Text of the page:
Circumstances by which Trump’s immigration rule “public cost” is examined are dismissed
By Amy Howe
on March 9, 2021
at 2:56 p.m.
Just over two weeks after the Supreme Court announced it would review the Trump administration’s “public charges” regulating the admission of immigrants to the United States, the case (as well as two others who asked the same question) broke on Rejected Tuesday at the request of the Biden administration and opponents who complained about the rule. Acting Attorney General Elizabeth Prelogar’s filings were the latest in a series of filings by the Biden administration in which controversial immigration issues that arose during the Trump administration were removed from the Supreme Court file.
Under federal immigration law, non-citizens cannot get a green card if the government believes they are likely to need government assistance – that is, a “public charge”. In 2019, the Trump administration defined the term “public indictment” more broadly than in the past to refer to non-citizens receiving various government benefits such as Medicaid or grocery stamps for more than 12 months over a three-year period.
Several challenges to the rule of the Trump administration followed. The US Circuit Court of Appeals ruled in favor of the challengers, which included a group of states led by New York and various nonprofit groups. The US Court of Appeals for the 7th Circuit and the US Court of Appeals for the 9th Circuit followed suit. On February 22, the Supreme Court of the Department of Homeland Security v New York granted the government’s motion (filed in October 2020 by Jeffrey Wall, the Acting Attorney General of the Trump administration) to review the 2nd Circuit’s decision.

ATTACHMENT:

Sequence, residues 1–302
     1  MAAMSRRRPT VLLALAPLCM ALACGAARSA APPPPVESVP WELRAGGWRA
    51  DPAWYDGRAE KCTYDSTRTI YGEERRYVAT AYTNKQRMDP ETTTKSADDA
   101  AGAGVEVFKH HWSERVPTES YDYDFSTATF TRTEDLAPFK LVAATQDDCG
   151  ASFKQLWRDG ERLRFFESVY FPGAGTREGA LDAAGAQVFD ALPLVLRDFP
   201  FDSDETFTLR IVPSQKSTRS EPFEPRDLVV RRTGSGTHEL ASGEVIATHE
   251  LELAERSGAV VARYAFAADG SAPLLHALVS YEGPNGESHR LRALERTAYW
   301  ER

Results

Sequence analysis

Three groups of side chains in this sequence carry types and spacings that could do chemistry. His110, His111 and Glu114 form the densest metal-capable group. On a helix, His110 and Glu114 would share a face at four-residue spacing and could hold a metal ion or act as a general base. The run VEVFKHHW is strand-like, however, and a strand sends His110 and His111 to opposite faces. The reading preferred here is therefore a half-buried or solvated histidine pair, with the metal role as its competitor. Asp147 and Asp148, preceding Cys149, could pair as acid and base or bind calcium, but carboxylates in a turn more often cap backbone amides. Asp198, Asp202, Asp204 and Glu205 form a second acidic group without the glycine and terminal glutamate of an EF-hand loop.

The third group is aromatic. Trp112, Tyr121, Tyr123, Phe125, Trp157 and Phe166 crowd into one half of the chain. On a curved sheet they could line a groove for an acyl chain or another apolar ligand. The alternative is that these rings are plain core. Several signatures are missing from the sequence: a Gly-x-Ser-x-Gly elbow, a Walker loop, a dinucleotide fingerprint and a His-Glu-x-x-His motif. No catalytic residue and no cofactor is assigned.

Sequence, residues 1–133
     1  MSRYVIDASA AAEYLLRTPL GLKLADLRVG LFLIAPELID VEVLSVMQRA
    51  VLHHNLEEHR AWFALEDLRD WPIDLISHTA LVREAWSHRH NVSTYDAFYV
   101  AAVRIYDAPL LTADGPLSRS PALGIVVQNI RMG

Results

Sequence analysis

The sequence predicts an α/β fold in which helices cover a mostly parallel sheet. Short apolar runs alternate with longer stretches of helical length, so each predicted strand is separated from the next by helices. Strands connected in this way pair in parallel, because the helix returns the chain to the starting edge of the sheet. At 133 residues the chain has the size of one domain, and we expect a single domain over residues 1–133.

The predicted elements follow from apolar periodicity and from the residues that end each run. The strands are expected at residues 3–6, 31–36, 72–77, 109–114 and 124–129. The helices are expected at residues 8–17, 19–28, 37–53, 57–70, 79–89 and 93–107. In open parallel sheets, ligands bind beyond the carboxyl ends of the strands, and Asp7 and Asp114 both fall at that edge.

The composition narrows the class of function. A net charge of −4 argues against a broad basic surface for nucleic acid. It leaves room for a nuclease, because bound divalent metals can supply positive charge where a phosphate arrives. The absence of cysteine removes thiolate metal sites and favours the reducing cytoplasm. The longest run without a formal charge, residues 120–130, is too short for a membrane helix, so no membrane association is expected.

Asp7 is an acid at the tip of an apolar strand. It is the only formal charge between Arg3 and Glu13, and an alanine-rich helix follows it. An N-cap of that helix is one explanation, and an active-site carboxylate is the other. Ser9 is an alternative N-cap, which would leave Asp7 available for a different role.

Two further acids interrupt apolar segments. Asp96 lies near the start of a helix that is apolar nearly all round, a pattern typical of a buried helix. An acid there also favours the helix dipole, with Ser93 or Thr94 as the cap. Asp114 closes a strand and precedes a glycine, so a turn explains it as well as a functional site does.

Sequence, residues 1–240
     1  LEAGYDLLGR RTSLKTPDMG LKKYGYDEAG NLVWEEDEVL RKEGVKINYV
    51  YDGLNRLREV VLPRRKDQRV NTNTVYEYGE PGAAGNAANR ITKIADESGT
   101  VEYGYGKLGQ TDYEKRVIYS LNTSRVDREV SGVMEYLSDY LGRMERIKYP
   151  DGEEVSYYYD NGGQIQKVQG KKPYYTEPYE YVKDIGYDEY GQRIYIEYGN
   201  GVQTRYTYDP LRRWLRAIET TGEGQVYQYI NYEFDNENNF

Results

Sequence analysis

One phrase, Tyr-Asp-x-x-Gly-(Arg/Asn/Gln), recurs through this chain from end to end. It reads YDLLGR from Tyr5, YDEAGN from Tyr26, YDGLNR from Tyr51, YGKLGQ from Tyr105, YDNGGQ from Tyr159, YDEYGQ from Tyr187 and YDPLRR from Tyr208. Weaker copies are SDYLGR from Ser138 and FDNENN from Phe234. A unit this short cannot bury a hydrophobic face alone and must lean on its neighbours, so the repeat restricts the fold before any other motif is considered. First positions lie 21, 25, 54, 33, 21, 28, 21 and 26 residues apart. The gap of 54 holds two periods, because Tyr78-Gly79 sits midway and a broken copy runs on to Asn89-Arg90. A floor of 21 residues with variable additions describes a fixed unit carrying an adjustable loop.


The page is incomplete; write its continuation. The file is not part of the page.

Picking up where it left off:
Even when the Supreme Court agreed to take up the public prosecution matter, it seemed likely that the dispute would not survive until the judges heard a hearing in the fall. In early February, the Biden government ordered a review of the public fee rule. And in a joint filing on Tuesday, Prelogar told judges that everyone involved in the case had agreed that it should be dismissed. Prelogar filed similar documents in two other cases where the federal government asked the judges to review the 7th and 9th circuit decisions.
Prelogar’s motions fell under Supreme Court rule 46.1, which instructs the clerk to dismiss the case – without the judges’ permission – if all sides agree. As with three petitions last week regarding the Trump administration’s efforts to withhold money for law enforcement from so-called “protected cities,” Scott Harris, the court clerk, acted quickly to do so.
In February, the court overturned oral disputes in two additional immigration cases following political changes by the Biden government. One case involved funding the wall along the US-Mexico border. The other involved a Trump administration policy whereby some asylum seekers in Mexico had to wait before an asylum trial.
This article was originally published by Howe on the Court.